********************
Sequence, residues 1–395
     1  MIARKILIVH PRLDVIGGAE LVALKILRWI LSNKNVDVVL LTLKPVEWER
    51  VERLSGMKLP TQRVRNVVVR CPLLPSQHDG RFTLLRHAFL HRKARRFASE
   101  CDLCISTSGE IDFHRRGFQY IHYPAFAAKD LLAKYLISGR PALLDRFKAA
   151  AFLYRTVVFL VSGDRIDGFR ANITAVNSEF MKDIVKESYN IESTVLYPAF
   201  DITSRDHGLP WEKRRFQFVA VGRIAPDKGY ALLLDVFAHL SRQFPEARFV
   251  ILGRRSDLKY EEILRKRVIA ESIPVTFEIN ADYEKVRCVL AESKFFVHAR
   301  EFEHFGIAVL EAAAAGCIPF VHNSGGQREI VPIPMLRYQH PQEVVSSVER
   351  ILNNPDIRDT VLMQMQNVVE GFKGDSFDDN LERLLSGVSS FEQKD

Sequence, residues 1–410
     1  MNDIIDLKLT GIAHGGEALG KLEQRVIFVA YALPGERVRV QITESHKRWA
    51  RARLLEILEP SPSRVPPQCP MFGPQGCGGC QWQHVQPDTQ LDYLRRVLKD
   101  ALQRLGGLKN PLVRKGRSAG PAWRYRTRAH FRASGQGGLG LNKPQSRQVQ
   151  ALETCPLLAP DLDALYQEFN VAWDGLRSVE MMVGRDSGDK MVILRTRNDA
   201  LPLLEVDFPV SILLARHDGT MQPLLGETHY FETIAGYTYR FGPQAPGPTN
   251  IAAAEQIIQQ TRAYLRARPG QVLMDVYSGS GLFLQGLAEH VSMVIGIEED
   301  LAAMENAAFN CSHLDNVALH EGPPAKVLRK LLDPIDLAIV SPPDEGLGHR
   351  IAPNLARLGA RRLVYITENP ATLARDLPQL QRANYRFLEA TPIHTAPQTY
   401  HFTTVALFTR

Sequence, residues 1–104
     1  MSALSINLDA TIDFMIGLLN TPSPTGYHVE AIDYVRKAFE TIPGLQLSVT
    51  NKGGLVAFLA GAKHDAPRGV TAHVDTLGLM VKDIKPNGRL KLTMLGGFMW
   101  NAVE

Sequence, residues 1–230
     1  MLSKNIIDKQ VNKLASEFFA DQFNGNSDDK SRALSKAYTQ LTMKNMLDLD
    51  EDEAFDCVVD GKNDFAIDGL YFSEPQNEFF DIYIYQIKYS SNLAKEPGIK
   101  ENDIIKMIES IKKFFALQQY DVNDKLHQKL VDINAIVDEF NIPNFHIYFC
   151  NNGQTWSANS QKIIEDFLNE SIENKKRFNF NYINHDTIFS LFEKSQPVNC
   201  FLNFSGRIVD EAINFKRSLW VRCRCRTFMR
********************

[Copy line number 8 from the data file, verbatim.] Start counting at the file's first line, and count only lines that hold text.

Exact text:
   301  EFEHFGIAVL EAAAAGCIPF VHNSGGQREI VPIPMLRYQH PQEVVSSVER